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Massive Attack – Heligoland

"Heligoland"

Massive Attack – Heligoland
26 February 2010, 14:00 Written by Gina Louise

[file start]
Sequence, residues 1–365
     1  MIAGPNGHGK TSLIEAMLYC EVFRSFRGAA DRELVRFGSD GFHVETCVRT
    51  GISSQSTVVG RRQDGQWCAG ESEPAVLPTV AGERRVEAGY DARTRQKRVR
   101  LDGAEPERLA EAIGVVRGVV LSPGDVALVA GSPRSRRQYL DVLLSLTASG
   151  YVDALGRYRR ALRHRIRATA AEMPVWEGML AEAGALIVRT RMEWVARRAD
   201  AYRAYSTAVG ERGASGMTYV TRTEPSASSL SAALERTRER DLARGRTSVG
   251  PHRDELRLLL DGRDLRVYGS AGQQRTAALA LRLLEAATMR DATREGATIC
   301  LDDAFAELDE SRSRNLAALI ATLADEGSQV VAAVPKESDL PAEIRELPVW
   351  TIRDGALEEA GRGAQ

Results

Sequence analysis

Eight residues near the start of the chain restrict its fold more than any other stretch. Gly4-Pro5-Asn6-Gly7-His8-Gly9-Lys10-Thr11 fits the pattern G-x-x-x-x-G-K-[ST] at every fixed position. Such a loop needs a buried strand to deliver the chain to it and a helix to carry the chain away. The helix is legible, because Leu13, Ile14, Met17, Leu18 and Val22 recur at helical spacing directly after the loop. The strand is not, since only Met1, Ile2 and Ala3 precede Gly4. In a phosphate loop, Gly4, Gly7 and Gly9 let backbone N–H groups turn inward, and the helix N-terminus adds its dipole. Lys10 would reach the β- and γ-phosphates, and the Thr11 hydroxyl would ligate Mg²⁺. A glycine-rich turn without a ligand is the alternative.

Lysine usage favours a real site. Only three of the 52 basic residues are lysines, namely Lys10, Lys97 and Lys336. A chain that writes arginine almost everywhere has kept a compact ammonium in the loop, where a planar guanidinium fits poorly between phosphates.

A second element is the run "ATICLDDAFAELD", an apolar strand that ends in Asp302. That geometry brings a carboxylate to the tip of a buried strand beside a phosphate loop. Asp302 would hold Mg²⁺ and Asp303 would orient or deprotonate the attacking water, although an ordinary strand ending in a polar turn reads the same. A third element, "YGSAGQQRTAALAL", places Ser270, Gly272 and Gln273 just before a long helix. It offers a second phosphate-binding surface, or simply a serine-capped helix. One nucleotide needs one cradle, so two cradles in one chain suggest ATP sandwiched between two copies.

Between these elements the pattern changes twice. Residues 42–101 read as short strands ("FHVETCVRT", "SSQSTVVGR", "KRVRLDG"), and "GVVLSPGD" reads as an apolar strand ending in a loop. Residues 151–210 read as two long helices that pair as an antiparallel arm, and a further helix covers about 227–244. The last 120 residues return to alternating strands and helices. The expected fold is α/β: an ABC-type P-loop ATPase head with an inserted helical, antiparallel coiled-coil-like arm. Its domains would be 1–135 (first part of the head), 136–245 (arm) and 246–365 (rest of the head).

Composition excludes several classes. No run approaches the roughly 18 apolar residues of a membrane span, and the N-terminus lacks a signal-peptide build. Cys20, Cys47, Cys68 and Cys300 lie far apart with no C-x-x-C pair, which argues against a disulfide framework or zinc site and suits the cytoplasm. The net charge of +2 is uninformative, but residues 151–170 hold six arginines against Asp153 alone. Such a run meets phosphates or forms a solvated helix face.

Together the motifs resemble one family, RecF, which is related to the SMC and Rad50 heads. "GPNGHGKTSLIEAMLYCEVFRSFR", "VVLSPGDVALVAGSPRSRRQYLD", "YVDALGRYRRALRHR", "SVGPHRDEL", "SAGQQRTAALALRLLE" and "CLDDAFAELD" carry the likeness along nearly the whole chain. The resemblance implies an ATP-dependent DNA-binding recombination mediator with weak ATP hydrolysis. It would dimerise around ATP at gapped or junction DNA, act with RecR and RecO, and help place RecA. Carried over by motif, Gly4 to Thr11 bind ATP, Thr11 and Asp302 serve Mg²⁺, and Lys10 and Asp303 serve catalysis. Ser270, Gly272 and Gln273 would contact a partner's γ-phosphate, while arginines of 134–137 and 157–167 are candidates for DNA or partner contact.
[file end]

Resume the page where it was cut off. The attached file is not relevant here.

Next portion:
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Fatherhood, perfectionism, laziness: whatever the reason for Massive Attack’s seven year hiatus, there is no denying that Heligoland has been a long time coming. What with this rather extensive time out, and the somewhat lacking efforts of 100th Window, the Massives sure had some big expectations to live up to. Whilst I was at first a little loathe to review the album for fear of repeated disappointment, I put my grudge to rest and prepared to give the trip hop founders another chance. And boy am I glad I did.The album sees guest appearances from a shiny new host of stars, as well as some old favourites. Martina Topley-Bird offers her services on ‘Babel’ and ‘Psyche’, providing an angular contrast to the bass heavy beats. The kaleidoscopic array of noises of ‘Babel’ is complimented by her delicate vocals, who sounds almost bored. My particular favourite is ‘Psyche’, which is an upbeat, simple ditty, bringing together a monotonous ukulele styled melody with some oddly keyed vocals.Guy Garvey is also featured on the album, providing some grounding vocals over some trippy electronic background beats in ‘Flat of the Blade’. The trademark lackadaisical vocals continue onto ‘Paradise Circus’, as Hope Sandoval’s lethargic Sia-esque voice is layered over piano melodies and naïve hand clapping.It was always a sure bet that Horace Andy would bring back the tinge of reggae that Massive Attack seemed to be missing on 100th Window, and sure enough ‘Girl I Love You’ is a bouncy, beat driven track. It threatens to explode into a dance anthem with its Prodigy-esque muted warbling beat, yet never quite gets there, oddly bringing in some ill-timed electro OMD styley that epitomizes the hybridity the band are known for.Whilst known for their impressive choice of collaborators, it has been commented that their selection this time may have cheapened the album, using mainstream acts to make it more accessible to the masses”¦ I say, what the hell, as long as it works. And it so clearly does. Massive Attack have managed to create an album that is both muted and intense, with a multitude of influences, sounds and genres. Having always found the guys a little hit or miss, I am glad to see them back on form.
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